Rwandan genocide memorial to be built in heart of Paris

Rwandan genocide memorial to be built in heart of Paris
Credit: Guillaume Bontemps / City of Paris

A monument commemorating the 1994 genocide against the Tutsi in Rwanda will be erected on the banks of the Seine in the heart of Paris, the French presidency announced Friday. The “symbolic and important” gesture was welcomed by survivors of the tragedy.

The decision was announced on the occasion of the 29-year commemoration of the tragedy on April 7th.

“We are delighted, it’s very important. Paris is a city that speaks to the world, and it is a demonstration that France, which has made a lot of progress in recognising the genocide of the Rwandan Tutsis, recognises its history,” Marcel Kabanda, president of the survivors’ association Ibuka France, told AFP.

“It is a gesture of appeasement of memories between France and Rwanda and appeasement of the hearts of the genocide survivors,” he added.

In 2021, French President Emmanuel Macron acknowledged the country's “responsibility” for the 1994 genocide but was criticised by survivor groups for not offering a full, official apology.

The monument will be erected on the left bank of the Seine not far from the Foreign Affairs Ministry, just opposite a monument dedicated to the memory of the victims of the Armenian genocide.

The goal of the memorial is to “pay a national, visible and permanent tribute to the memory of the victims”, said the French presidency, which will launch a call for tenders with the city of Paris at the end of May.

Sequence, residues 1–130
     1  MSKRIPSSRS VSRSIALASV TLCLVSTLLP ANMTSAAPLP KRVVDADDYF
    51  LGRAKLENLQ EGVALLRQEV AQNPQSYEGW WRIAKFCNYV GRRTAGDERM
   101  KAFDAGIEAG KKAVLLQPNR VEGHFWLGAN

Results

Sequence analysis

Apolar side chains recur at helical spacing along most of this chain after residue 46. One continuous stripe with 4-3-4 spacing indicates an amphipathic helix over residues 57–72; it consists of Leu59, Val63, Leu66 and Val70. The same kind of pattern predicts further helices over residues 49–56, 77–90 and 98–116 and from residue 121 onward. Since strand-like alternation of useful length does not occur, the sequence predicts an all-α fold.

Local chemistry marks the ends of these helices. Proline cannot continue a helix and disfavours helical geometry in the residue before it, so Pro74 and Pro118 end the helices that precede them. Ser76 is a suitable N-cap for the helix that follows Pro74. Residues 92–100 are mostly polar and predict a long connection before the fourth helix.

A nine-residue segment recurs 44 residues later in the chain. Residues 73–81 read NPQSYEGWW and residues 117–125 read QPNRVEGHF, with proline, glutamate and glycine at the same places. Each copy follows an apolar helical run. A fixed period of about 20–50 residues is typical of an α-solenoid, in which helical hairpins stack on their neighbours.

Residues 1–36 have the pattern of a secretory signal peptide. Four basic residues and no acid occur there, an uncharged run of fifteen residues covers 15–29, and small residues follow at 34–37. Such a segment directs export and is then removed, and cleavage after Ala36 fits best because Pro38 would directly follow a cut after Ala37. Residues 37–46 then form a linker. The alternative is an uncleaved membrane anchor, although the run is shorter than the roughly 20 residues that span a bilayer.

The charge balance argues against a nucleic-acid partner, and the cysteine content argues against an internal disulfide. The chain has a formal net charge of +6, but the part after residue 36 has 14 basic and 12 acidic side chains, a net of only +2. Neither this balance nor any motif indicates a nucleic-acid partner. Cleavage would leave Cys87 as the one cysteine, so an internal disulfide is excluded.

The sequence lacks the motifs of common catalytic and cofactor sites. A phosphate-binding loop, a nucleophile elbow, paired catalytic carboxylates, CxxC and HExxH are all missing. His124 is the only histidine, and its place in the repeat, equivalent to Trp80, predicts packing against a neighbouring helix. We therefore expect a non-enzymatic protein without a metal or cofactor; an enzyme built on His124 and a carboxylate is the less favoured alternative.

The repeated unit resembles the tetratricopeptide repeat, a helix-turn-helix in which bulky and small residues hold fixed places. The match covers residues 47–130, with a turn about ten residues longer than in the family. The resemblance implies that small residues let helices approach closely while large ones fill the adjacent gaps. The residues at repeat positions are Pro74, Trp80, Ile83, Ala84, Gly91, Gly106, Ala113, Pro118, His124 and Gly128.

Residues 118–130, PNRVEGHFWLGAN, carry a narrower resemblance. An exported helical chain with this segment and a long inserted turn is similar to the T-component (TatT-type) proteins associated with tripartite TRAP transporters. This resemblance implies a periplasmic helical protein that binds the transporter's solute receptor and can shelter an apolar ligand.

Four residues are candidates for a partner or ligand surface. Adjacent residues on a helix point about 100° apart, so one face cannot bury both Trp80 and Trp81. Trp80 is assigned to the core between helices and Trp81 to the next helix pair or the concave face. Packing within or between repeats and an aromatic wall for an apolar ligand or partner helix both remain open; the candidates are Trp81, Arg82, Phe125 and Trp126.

According to the UN, more than 800,000 people — primarily members of Rwanda's Tutsi minority — were massacred in abominable conditions between April and July 1994, in a genocide orchestrated by the Hutu majority government.

France, which maintained close relations with the Rwandan regime, has long been accused of “complicity” by Kigali. A commission of historians set up by President Macron concluded in 2021 that France bore “serious and overwhelming responsibility” for the genocide, while ruling out complicity. The report led to an unprecedented rapprochement between Paris and Kigali after decades of tensions.

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The decision to erect a monument allows “the extreme importance of the 1994 disaster to be recognised”, the chairman of the Historians’ Commission said.

He pointed to the “very symbolic location” right next to the Foreign Affairs Ministry, “one of the high places of power, whose responsibility for the genocide is now known.”

In Paris, there is already a garden of memory in the Parc de Choisy, in the South of the capital, and a stele in the Père-Lachaise cemetery.

In the Brussels region, a sculpture in Woluwe Saint Pierre commemorates the genocide. Belgium ruled Rwanda as a colonial power after World War I and played a key role in fostering inter-communal hatred.

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